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# 1.85 combined absorption and scattering (kubelka–munk analysis)

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### 1.85 combined absorption and scattering (kubelka–munk analysis)

1. 1. Combined absorption and scattering (Kubelka–Munk analysis) Most opaque coloured objects illuminated by white light produce diffusely reflected coloured radiation by the combined processes of light absorption and light scattering.1 COMPILED BY TANVEER AHMED
2. 2. Kubelka–Munk analysis Consider the simple case of a light beam passing vertically through a very thin pigmented layer of thickness dx in a paint film (Figure 1.28). We consider separately the downward (incident) and upward (reflected) components of the incident light beam, assuming that the absorption coefficient is represented by K and the COMPILED BY TANVEER AHMED scattering2 coefficient by S.
3. 3.  At the same time, the  The downward flux (intensity I) upward flux (intensity J) is: is:  – decreased by absorption =  – decreased by absorption = – – kJ dx KI dx  – decreased by scattering =  – decreased by scattering = – – SJ dx SI dx  – increased by backscatter =  – increased by backscatter = + + SI dx (from the radiation SJ dx (from the radiation proceeding downward), proceeding upwards, of which J summarised by Eqn 1.21: is the intensity),  which is summarised by Eqn 1.20:3 COMPILED BY TANVEER AHMED
4. 4. Kubelka–Munk analysis  Solution of these differential equations depends on the  boundary conditions applied,  but in the absence of scattering (S = 0) leads to the Lambert–Bouguer law for the  downward flux.4 COMPILED BY TANVEER AHMED
5. 5. Kubelka–Munk analysis  For an iso-tropically absorbing and scattering layer of infinite thickness  (or at least so thick that the background layer reflection is negligible), it leads to the  widely used Kubelka–Munk expression (Eqn 1.22): where R∞ = Jo/Io is the reflection factor at the surface for a sample of infinite thickness.5 COMPILED BY TANVEER AHMED
6. 6. Kubelka–Munk analysis  The K, S and K/S values provide  the colour technologist  with functions which, in principle, are additive  And linearly related to concentration of dyes and pigments  in solid substrates.  For example,  for a dyed substrate where the scattering is  attributed entirely to the textile substrate  and therefore does not vary with dye concentration [D],  we have a particularly simple  form of concentration dependence (Eqn 1.23):6 COMPILED BY TANVEER AHMED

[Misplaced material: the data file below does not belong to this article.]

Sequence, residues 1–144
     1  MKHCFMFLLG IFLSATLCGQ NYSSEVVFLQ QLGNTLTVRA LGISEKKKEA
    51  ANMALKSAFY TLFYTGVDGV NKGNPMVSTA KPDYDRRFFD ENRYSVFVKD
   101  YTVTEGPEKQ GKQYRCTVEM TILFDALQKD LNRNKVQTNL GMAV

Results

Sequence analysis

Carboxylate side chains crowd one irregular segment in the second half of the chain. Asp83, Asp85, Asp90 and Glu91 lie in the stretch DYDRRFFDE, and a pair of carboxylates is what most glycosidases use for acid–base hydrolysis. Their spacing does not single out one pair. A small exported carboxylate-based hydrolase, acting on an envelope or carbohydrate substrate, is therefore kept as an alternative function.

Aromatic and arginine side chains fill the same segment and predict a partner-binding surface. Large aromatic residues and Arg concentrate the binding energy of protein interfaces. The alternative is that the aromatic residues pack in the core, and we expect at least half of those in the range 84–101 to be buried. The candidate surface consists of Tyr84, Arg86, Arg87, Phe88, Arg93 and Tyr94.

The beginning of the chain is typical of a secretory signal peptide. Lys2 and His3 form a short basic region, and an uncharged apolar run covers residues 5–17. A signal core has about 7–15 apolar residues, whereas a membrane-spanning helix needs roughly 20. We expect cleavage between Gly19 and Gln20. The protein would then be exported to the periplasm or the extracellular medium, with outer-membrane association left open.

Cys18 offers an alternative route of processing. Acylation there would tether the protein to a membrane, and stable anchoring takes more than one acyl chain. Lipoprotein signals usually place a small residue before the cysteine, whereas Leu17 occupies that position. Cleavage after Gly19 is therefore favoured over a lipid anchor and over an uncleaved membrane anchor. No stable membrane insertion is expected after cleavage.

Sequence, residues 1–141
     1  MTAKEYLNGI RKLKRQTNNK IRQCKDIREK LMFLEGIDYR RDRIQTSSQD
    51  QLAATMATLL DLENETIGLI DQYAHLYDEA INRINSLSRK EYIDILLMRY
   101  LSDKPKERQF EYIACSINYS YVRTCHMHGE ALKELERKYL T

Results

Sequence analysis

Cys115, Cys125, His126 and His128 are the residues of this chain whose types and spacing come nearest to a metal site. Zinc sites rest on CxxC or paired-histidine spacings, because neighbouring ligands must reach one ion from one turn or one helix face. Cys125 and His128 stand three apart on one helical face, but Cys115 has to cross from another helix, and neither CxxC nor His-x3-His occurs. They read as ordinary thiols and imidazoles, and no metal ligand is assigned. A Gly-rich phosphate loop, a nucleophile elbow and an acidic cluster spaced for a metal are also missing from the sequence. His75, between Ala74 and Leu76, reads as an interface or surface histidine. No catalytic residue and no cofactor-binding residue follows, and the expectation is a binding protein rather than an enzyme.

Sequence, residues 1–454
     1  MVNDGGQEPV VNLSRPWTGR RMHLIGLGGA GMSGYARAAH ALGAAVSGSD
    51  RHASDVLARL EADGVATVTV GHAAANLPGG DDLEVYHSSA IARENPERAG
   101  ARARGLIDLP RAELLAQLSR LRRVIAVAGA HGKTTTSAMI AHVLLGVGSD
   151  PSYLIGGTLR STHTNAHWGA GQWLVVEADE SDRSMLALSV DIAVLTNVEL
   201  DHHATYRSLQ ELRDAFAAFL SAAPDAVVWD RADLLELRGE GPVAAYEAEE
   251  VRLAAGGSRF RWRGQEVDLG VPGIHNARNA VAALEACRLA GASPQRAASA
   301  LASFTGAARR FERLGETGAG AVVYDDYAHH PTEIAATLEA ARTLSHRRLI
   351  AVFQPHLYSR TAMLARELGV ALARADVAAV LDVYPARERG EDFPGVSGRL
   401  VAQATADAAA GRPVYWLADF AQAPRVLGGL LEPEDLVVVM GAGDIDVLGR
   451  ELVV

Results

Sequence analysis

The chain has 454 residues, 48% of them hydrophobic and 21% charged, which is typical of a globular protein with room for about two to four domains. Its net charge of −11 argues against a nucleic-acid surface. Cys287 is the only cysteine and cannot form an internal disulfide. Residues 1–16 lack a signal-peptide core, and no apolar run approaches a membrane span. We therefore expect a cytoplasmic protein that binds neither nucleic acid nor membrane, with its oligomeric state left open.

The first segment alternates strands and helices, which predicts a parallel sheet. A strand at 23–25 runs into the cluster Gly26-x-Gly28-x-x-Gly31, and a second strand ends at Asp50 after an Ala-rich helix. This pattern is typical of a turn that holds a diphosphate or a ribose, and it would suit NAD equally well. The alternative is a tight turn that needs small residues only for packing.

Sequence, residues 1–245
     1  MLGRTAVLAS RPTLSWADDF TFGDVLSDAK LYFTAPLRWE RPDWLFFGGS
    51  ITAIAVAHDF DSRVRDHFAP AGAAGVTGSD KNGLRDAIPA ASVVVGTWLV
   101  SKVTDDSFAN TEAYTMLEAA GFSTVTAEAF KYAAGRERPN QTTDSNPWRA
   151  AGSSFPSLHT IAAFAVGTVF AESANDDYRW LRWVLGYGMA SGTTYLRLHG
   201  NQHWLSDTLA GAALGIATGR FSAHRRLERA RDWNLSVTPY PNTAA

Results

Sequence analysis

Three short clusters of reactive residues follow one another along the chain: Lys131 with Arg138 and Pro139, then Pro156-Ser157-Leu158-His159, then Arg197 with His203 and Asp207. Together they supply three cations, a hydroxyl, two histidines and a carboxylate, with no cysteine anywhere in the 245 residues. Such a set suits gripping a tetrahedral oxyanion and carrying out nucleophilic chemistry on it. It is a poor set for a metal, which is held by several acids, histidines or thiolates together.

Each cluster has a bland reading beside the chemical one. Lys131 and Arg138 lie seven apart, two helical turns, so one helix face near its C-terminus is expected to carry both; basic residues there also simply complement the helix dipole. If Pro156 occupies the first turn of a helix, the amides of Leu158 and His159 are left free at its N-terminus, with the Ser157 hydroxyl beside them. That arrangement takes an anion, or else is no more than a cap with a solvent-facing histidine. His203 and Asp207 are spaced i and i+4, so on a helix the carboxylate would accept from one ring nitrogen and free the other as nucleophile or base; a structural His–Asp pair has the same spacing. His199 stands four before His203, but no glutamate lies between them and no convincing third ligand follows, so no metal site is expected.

7. 7. Kubelka–Munk analysis  where Kf and Kd are the light absorption coefficients  for the fibre and dye respectively,  at the wavelength of measurement,  and Sf is the scattering coefficient of the fibre at the same wavelength.  dye concentration [D],7 COMPILED BY TANVEER AHMED
8. 8. Kubelka–Munk analysis Limitation  Although this relationship has certain limitations (for example,  when dealing with  highly exhausting acid dyes on wool  and when taking measurements near the wavelength  of maximum absorption),  good linearity is observed  (Figure 1.29; the raw data  from which this plot is derived is shown in8 Figure 1.31). COMPILED BY TANVEER AHMED
9. 9. Kubelka–Munk analysis MAJOR Limitation Some of the major limitations to the Kubelka–Munk type of analysis are that  it deals with diffuse monochromatic radiation  and handles only two fluxes  (diffuse light travelling upwards or downwards)  through a homogeneous absorbing and scattering medium. The light loss through edges is thus neglected,  as are the surface  and the totally internally reflected components  of the incident light beam. Other assumptions  such as the uniform distribution of the dyes or pigments,  and the lack of interactions between them, are also not realised.  Such factors lead to a nonlinearity of the  Kubelka–Munk function when measured over wide concentration9 COMPILED BY TANVEER AHMED ranges.